Corny

I looked it up on the web: you're supposed to pick corn at twenty days.

I don't think my corn got the memo:


The corn is supposed to be blue. I hope that it's just not done yet and not that the thing is fully deformed. I'll let the other ears go a bit longer to see.




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Room With a View: Incline Village, NV

Just a quick overnight up the hill so we didn't have to drive back from Shakespeare on the beach.


And Not a Drop to Drink

According to the recent episode of BackStory, John Wesley Powell (leader of the US Geological Survey from 1881 to 1894) suggested to Congress that the key organizing principle of the western states should be drainage areas. He recognized the likelihood that water would be too scarce to meet all the development desires and thought this sort of organization would allow communities that share a resource to work toward common political solutions.

If his districts have been used, we'd be in that green blob on the left, instead of California. (You can click it to get a bigger view.)


Personally, I'd propose that our state be called Nevada, because the other one wouldn't exist. Then we wouldn't get asked that question all the dang time. Alternatively, we could call it Lahontan.

What would you call our water-based state?

The Sandman, Vols 1 & 2 (Neil Gaiman, et al)

I like to look down from my second story office at the nine-foot sunflower that has grown in the end of one of the garden boxes. The rest of the garden is screened from my view by the limbs of a pine tree, but that sunflower sits there staring at me all day long. Waiting, for what I do not know.

But whatever it is, I am sure it is no good.

And this is why, when I noticed that neighbor kid sitting on one of the lawn chairs not more than a few feet away from the flower, I had to go down and investigate. I might not be able to remember the kid's name, and, in fact, there is a good chance he is imaginary, but that doesn't mean I don't have a responsibility. I'm an adult.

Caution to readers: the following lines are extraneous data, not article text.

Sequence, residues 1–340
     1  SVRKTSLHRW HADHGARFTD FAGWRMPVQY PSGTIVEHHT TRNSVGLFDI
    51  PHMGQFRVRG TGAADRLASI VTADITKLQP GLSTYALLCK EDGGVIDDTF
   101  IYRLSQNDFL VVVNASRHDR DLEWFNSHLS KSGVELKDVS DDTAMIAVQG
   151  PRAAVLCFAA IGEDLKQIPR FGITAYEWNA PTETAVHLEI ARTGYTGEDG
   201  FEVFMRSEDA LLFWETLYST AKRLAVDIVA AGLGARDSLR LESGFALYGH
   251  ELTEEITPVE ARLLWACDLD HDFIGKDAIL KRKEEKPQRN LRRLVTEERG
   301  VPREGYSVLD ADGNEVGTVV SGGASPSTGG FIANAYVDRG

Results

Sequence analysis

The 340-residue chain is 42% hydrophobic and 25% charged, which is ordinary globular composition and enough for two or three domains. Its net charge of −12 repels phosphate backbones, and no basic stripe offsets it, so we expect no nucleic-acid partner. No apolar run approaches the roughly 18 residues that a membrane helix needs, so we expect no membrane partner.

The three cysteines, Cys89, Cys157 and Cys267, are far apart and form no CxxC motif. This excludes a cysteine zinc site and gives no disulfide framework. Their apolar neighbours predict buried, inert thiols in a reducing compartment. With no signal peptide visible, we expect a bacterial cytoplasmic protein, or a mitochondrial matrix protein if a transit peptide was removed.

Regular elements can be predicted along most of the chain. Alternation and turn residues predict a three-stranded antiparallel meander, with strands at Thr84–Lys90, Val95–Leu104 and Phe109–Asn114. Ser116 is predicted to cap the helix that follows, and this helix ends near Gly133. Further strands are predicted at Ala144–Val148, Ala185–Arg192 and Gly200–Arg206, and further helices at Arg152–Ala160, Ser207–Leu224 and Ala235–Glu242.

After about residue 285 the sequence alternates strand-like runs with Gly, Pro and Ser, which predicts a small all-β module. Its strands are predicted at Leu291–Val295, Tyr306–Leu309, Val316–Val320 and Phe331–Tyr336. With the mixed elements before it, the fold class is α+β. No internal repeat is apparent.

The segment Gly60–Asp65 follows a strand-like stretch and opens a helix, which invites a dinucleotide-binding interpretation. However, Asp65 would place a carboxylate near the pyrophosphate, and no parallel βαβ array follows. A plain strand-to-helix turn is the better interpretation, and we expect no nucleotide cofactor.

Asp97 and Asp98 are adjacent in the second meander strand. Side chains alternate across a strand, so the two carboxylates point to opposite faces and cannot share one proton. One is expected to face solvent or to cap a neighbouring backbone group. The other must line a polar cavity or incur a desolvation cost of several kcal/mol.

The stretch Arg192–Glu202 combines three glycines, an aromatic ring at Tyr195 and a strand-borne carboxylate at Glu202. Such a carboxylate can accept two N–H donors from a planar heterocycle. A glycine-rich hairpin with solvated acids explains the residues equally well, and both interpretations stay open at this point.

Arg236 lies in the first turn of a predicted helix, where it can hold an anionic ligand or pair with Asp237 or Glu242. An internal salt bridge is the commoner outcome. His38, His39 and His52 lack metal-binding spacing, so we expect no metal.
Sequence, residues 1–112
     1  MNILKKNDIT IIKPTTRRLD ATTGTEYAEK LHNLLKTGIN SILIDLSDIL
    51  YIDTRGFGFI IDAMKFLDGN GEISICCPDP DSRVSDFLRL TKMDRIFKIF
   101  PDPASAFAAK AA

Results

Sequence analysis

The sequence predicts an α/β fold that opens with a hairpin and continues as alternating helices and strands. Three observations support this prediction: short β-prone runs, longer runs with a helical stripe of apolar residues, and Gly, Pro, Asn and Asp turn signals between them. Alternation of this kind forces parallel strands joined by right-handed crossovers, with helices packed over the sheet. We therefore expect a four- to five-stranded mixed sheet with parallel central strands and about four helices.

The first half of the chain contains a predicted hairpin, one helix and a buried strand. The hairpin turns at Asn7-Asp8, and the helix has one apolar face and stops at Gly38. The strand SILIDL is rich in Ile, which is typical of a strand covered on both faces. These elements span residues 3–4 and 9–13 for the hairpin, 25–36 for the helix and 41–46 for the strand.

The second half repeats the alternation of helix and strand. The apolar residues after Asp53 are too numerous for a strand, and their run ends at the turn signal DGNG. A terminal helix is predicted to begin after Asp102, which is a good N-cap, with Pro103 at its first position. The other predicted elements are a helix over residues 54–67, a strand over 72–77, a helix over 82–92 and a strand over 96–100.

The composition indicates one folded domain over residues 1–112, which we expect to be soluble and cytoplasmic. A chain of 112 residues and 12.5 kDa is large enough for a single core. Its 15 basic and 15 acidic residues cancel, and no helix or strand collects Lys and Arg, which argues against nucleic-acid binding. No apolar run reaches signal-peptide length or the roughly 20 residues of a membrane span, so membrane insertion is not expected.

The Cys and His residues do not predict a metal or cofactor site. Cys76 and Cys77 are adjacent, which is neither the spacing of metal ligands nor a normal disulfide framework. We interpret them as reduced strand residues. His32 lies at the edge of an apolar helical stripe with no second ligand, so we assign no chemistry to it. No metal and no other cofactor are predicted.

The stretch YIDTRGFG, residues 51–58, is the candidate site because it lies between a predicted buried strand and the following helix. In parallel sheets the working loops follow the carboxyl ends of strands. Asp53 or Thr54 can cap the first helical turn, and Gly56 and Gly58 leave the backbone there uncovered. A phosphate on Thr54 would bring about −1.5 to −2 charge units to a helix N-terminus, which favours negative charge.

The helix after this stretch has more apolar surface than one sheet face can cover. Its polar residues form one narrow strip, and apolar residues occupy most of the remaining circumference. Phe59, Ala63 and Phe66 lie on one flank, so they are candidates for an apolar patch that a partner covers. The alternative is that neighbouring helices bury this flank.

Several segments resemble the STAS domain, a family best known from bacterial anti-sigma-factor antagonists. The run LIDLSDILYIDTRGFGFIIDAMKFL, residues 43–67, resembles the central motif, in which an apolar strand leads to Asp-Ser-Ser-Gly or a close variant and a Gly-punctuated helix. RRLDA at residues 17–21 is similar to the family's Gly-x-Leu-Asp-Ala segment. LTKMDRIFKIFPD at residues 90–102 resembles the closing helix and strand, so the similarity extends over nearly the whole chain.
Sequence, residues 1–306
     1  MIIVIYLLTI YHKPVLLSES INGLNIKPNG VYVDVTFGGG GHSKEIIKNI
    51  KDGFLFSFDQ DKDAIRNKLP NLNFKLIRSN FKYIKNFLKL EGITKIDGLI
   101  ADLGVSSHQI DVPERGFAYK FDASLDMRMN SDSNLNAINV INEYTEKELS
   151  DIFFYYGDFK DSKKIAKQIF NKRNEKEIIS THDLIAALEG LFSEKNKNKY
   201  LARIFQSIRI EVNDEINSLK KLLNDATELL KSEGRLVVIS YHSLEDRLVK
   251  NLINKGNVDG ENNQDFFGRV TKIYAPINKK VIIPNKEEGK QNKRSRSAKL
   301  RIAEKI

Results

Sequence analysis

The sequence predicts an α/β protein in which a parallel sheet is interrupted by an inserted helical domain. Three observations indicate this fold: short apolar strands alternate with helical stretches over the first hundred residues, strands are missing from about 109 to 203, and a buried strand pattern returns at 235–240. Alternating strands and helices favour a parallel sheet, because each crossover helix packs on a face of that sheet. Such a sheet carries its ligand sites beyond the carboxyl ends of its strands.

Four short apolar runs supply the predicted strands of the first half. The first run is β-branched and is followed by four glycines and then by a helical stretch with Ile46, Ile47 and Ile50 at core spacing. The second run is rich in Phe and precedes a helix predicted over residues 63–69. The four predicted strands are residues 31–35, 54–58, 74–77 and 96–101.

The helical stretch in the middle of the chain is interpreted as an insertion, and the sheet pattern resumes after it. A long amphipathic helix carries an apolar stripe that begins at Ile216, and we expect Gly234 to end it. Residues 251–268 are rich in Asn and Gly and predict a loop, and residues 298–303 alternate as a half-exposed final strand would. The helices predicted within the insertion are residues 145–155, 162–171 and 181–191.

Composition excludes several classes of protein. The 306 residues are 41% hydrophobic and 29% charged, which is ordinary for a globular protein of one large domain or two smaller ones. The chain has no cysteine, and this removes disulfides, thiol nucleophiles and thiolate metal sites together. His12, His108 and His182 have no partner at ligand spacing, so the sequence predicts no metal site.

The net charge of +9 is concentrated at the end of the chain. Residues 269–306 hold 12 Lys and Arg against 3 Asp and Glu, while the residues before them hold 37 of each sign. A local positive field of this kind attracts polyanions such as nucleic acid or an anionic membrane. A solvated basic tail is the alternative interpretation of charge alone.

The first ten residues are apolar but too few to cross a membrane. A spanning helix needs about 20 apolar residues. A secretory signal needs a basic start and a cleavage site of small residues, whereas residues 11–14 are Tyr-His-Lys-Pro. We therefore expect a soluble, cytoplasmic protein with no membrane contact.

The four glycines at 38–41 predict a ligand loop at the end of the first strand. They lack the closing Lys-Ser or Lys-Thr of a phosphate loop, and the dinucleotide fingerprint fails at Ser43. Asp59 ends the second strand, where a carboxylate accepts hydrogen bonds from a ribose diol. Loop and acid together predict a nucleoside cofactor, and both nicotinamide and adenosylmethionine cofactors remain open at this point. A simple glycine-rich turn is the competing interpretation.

This is a sentence I repeat to myself throughout the day. It is an important part of my routine: eat breakfast, brush teeth, remind myself I'm an adult; eat lunch, wash dishes, remind myself I'm an adult. You do this, too, right?

At any rate, I trundled out into the back yard to find that the kid was reading. Now, reading is something I like to encourage. I took the opportunity to do so right then.

"You go, boy," I said.

"What?"

"You go, you with your reading and stuff. Good on you."

He looked back down to his book. I eyed the sunflower. You realize that nine feet is about three feet taller than I am, right? That's pretty tall.

He looked up from his book. "Why are you staring at the sunflower like that?"

"What are you reading?" I responded. No need to let him in on the dangers around him.

"A collection of The Sandman comics."

"Oh, I see. Neil Gaiman. I like his prose work a lot."

"You haven't read the comics?"

"Oh, sure. Felt like I never gave comics a chance when I was a kid. Not sure why: it's not really much of a leap from the fantasy novels I read to the comics. It was hurting my geek cred, so I picked up a couple volumes last week."

"This is really good," he said. "Different from that superhero junk."

"Gaiman can tell a story, that's for sure. Kinda gruesome, though." A bee flew onto the sunflower. I waited for the flower to pounce on it. The kid watched me watching the flower.

"You afraid of that thing?" he asked.

"Oh, no. Of course not. Perish the thought. I mean, sure I was when I was little, but that's understandable. They were like twice my height and there was a huge gang of them down on the corner. I had to pass them on the way to Martin Boulevard Elementary School. There wasn't a sidewalk on the other side of the street, of course, so I sidled past them the best I could, hoping my backpack would protect me."